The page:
In this work, we implemented the GHER hydrodynamic model in the Gulf of
Lions (resolution 1/100°). This model is nested interactively in another model
covering the North-Western basin of the Mediterranean Sea (resolution 1/20°),
itself nested in a model covering the whole basin (1/4°). A data assimilation
filter, called the SEEK filter, is used to test in which of those grids observations taken in the Gulf of Lions are best assimilated. Therefore, twin experiments are used: a reference run is considered as the truth, and another run, starting from different initial conditions, assimilates pseudo-observations coming from
the reference run. It appeared that, in order to best constrain the coastal
model, available data should be assimilated in that model. The most efficient setup, however, is to group all the state vectors from the 3 grids into a single vector, and hence coherently modify the 3 domains at once during assimilation cycles.
Operational forecasting with nested models often only uses so-called passive
nesting: no data feedback happens from the regional models to the global model.
We propose a new idea: to use data assimilation as a substitute for the feedback.
Using again twin experiments, we show that when assimilating outputs
from the regional model in the global model, this has benecial impacts for the
subsequent forecasts in the regional model.
The data assimilation method used in those experiments corrects errors in the
models using only some privileged directions in the state space. Furthermore, these directions are selected from a previous model run. This is a weakness of the method when real observations are available. We tried to build new directions of the state space using an ensemble run, this time covering only the Mediterranean basin (without grid nesting). This led to a quantitative characterization of the forecast errors we might expect when various parameters and external forcings are affected by uncertainties.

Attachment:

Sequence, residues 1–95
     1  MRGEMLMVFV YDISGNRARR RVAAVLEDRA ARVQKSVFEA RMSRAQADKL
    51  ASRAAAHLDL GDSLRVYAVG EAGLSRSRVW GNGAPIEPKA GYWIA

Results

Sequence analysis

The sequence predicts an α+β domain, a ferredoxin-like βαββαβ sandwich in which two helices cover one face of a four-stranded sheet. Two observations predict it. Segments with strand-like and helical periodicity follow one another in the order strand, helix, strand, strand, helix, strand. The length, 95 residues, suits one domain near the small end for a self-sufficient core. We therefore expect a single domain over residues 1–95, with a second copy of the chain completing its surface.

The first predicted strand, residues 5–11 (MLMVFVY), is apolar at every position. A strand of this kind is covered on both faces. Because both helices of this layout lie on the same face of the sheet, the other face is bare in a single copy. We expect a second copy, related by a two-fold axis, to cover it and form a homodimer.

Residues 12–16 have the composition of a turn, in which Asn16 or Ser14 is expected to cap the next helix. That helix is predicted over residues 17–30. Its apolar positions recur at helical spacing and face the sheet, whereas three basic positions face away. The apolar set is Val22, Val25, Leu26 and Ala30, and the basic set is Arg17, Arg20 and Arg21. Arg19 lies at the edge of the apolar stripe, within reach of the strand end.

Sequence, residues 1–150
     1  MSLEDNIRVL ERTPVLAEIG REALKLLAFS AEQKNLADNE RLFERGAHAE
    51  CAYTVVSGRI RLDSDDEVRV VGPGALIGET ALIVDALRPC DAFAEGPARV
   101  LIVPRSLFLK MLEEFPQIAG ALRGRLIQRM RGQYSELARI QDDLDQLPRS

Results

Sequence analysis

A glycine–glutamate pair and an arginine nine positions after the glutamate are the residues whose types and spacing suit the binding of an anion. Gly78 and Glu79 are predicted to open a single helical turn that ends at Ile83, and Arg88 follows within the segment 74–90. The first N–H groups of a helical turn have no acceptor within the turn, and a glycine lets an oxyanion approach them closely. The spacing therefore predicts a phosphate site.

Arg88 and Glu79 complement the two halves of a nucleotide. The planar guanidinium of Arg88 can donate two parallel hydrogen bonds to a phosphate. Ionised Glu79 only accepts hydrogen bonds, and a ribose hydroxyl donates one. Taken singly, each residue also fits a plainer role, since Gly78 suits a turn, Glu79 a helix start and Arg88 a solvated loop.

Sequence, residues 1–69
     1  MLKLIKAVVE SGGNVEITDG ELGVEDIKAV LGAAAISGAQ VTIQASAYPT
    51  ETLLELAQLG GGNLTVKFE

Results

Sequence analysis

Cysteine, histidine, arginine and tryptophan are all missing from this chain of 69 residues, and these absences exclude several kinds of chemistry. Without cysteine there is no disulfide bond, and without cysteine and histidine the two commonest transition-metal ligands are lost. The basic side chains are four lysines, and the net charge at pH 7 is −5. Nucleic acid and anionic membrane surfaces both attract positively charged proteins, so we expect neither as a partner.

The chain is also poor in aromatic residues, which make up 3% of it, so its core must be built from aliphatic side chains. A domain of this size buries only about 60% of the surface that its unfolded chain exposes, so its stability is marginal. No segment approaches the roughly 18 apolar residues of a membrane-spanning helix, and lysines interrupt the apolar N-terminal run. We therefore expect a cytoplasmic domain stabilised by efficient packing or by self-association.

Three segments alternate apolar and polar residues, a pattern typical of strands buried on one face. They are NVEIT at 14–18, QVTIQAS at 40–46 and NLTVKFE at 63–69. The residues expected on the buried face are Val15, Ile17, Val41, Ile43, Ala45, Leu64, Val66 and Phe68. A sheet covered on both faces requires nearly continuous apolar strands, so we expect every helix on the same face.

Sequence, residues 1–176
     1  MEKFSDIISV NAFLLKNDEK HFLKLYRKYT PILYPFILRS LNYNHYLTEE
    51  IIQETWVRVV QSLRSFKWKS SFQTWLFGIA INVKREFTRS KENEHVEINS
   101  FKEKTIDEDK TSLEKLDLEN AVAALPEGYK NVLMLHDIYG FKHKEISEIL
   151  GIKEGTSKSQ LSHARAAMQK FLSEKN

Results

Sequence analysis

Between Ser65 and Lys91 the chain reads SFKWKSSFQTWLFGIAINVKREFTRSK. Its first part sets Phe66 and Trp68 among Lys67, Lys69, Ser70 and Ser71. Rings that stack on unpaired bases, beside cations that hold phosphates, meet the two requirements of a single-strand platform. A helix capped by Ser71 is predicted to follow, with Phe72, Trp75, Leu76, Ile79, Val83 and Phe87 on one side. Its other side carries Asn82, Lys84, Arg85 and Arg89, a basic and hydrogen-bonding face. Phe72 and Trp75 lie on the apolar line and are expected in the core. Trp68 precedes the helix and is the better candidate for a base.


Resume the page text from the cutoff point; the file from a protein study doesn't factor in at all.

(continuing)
Finally, using these new directions, we tried to build a statistical model supposed to simulate the hydrodynamical model using only a fraction of the computer resources needed by the latter. To achieve this goal, we tried out artifficial neural networks, nearest-neighbor and regression trees. This study constitutes only the first step toward an innovative statistical model, as in its present form, only a few degrees of freedom are considered and the primitive equation model is still required to build the AL method. We tried forecasting at 2 different time
horizons: one day and one week.